Hadrian’s Wall

The Roman emperor Hadrian spent his reign traveling around the empire, and the construction of a wall on the island of Great Britain was a result of Hadrian’s policy of consolidation. It marked a physical limit to the Roman empire as well as a reminder to those north of the wall how formidable Rome’s power was. Today, Hadrian’s Wall is a great place to take a walking tour to get a glimpse of what life was like for soldiers stationed far from home in the unfamiliar territory of what is now Northern England. Among the more interesting archaeological finds have been a pair of boxing gloves and letters requesting more beer to pacify bored and rowdy troops.

Berlin Wall

Serving as a physical and philosophical boundary from 1961-1989, the Berlin Wall encircled West Berlin, isolating it as an enclave of Western ideals in the midst of East Germany and cut off from East Berlin. The wall is one of the most enduring symbols of the Cold War and the ideological divide that marked the second half of the 20th century. It is almost impossible to describe the psychological effect the wall had on Berliners. The East Side Gallery remains as a 4,300-foot mural capturing the feelings of euphoria and hope that came with the fall of the wall.

Sacsayhuaman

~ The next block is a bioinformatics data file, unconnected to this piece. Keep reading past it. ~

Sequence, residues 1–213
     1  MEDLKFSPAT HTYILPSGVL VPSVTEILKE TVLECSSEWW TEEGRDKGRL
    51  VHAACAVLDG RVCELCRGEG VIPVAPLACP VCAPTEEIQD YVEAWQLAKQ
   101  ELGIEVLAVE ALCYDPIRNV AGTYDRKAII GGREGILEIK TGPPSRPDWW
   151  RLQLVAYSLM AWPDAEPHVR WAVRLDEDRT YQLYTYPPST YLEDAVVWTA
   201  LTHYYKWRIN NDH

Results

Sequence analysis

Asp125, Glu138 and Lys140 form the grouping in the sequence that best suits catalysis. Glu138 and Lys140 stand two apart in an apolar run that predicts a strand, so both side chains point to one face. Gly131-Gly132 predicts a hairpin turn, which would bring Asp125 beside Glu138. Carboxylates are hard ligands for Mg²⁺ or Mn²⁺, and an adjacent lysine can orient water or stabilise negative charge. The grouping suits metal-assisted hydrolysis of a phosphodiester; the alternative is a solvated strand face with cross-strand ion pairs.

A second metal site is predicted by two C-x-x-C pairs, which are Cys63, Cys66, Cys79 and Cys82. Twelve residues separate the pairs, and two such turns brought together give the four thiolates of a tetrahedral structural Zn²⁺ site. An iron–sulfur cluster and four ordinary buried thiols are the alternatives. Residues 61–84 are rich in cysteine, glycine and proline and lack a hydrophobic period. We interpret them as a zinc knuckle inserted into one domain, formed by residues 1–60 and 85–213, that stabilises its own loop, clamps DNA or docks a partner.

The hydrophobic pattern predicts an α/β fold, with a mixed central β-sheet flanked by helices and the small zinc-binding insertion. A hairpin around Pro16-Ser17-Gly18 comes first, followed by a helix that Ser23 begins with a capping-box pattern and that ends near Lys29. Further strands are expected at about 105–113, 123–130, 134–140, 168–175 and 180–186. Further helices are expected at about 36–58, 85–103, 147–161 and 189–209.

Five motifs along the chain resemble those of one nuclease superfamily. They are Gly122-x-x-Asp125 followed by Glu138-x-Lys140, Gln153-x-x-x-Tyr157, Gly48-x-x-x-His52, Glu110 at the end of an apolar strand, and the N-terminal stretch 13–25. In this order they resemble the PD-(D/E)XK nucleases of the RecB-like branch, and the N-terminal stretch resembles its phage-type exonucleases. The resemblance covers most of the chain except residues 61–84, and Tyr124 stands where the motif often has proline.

Begun by the pre-Incan Killke culture but expanded and perfected by the Incas, Sacsayhuaman is a massive feat of masonry using huge stones carved to fit together without mortar. The construction required hundreds of workers and was so precisely done that the walls have survived devastating earthquakes in Cusco, Peru, which served as the Inca capital. Invading Spaniards tore down most of the citadel for use in constructing homes, so now almost all that remains are the stones too heavy to lift, an indelible symbol of a once-mighty empire.

Western Wall

Part of the expansion of the Second Jewish Temple in Jerusalem, the wall is what remains after the destruction of the temple complex by the Romans in 70 C.E. The wall is the holiest place Jews are allowed to pray, as they are prohibited from the Holy of Holies, which is thought to be under the Muslim holy place the Dome of the Rock. The wall is also sacred to Christians and to those Muslims who consider the spot to be where Muhammad tied the horse Buraq before ascending to heaven. In short, the wall and Temple Mount are a physical manifestation of the religious conflict that has pervaded throughout the history of the Middle East and Jerusalem in particular.